However, what isn't mentioned is the fact that what the ancients called "wine" was actually wine mixed with a large amount of water. Therefore, to say that Jesus in John 2 turned water into wine is not the same thing as saying that Jesus turned water into something like Pinot Grigio. Consider:
"We call a mixture 'wine' although the larger part of the component parts is water"(Plutarch, Advice to Bride and Groom 20 in Moralia 140f).
The literature of the ancient world is filled with specific examples of mixing many parts water with a few parts wine. For example, in the Odyssey, Homer mentions a ratio of 20 parts water to 1 part wine (see 9.208f). Pliny the Elder speaks of an 8 to 1 mixture (Natural History, 14.6.54). Most writers have it a little stronger, but still very diluted. For example, in The Nurse, Athanaeus of Naucratis has the following conversation:
"A: Look, here is wine. Shall I pour a Triton [three parts water to one part wine]?
B. No, it's much better as one and four.
A. Too watery, that! However, drink it up and tell me the news; let's have some conversation while we drink" (see Deipnosophists 10.426c).
Because "wine" really meant "wine mixed with water," if a writer wanted to refer to undiluted wine, he was required to use some such adjective. For example:
"If the headache only came to us before we drink to intoxication, no one would ever indulge himself in wine immoderately. But as it is, foreseeing not that punishment for drunkenness will come, we readily give ourselves over to drinking unmixed cups" (Alexis, The Phrygian, in Deipnosophists, 10.429e, emphasis mine).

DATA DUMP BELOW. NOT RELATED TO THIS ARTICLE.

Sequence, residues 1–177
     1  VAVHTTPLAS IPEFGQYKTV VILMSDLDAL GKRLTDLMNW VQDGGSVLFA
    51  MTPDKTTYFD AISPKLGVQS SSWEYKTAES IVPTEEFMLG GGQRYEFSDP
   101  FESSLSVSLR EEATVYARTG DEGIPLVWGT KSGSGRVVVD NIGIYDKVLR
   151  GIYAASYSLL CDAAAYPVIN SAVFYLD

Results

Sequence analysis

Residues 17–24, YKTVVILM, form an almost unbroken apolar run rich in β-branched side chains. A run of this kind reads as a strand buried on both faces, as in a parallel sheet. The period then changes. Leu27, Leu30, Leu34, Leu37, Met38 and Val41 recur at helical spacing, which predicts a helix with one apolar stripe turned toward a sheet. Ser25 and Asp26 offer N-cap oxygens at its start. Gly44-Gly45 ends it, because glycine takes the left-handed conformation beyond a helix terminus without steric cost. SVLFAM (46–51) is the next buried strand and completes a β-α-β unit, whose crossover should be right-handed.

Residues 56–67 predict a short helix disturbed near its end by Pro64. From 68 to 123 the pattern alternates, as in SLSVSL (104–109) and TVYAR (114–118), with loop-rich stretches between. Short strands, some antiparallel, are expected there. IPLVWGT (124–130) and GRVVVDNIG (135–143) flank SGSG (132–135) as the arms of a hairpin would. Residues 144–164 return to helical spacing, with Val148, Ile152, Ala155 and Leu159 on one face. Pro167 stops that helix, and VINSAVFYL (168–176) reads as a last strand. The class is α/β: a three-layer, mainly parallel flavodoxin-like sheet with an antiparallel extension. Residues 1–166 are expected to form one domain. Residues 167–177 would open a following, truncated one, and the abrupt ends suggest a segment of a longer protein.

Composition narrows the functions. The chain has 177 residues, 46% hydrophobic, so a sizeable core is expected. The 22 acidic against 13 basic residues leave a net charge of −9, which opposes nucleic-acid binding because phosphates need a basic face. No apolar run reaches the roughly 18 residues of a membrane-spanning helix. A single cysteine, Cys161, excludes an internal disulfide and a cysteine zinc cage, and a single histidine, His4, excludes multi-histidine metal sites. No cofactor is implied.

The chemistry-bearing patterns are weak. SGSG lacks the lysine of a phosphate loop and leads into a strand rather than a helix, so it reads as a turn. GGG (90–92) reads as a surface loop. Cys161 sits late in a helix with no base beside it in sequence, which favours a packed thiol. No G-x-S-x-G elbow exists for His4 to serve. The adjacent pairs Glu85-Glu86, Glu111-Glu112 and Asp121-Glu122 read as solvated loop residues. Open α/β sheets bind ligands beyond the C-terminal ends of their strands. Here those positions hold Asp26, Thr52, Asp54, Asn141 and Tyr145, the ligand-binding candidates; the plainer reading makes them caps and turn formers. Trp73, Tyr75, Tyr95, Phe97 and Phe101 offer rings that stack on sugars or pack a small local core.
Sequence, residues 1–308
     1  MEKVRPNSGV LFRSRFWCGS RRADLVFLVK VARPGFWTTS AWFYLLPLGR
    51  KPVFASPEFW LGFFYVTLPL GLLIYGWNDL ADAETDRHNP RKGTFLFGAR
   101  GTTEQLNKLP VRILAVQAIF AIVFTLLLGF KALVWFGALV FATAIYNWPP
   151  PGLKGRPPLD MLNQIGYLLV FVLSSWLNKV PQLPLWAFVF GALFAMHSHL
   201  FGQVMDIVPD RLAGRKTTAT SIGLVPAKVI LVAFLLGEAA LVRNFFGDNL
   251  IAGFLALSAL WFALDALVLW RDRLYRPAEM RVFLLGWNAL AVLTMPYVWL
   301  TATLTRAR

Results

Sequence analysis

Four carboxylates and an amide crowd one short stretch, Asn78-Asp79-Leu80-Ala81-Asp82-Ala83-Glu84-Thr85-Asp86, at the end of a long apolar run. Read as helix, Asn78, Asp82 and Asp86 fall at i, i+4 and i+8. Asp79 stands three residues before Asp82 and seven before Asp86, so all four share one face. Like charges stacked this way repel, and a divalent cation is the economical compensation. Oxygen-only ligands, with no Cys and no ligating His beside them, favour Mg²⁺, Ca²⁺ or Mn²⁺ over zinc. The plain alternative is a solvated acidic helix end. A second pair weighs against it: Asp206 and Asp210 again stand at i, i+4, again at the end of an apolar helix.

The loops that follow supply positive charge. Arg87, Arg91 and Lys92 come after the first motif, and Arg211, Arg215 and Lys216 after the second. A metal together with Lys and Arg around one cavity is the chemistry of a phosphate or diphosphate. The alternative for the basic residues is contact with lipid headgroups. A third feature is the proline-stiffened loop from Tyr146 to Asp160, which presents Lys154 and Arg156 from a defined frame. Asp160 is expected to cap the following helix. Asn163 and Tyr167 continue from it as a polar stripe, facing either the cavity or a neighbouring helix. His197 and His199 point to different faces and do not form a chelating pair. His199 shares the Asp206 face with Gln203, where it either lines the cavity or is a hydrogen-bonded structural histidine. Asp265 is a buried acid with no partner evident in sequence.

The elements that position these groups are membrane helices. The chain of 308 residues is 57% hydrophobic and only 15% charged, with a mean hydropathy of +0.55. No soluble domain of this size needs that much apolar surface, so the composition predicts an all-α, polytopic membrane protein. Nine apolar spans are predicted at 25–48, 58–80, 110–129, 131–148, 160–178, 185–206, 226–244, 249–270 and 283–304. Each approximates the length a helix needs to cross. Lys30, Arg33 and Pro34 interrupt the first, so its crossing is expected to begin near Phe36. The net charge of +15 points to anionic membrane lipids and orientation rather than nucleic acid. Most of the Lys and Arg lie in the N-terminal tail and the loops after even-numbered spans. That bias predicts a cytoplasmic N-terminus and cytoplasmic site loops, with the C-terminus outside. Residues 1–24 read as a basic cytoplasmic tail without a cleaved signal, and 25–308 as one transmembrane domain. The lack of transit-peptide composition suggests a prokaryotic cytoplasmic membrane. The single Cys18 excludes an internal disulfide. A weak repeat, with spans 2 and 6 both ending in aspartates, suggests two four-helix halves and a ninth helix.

As in the previous quote, many writers warned against drinking unmixed wine:
"In daily intercourse, to those who drink it moderately, it gives good cheer; but if you overstep the bounds, it brings violence. Mix it half and half, and you get madness; unmixed, bodily collapse" (Athenaeus quoting Mnesitheus of Athens in Deipnosophists 2. 36a,b).
Quotes like these from the ancient world can be multiplied many times over. I cite these ones only to show that what we call wine and what the ancients called wine are two different things.
No, I'm not prepared to make the argument that the Bible demands total abstinence. What I am saying is that it is a category mistake for modern-day Christians to cite the biblical references to wine and then compare them to the products of Reunite and Beringer. The fact is, the average person in the New Testament era considered the drinking of unmixed wine a barbaric practice. That, I think, should give us caution.
For Further Reading:
Ferguson, Everett. "Wine as a Table-Drink in the Ancient World," in Restoration Quarterly 13 (Third Quarter 1970): pages 141-153. Like all of what Ferguson writes, this is a fine piece of work. The quotations in my post here are taken from this scholarly article.
Stein, Robert H. "Wine-Drinking in New Testament Times," in Christianity Today 19 (June 20, 1975): pages 9-11. Stein is another first-rate scholar. His article is written at the popular level, shorter and easier to get through than the one by Ferguson.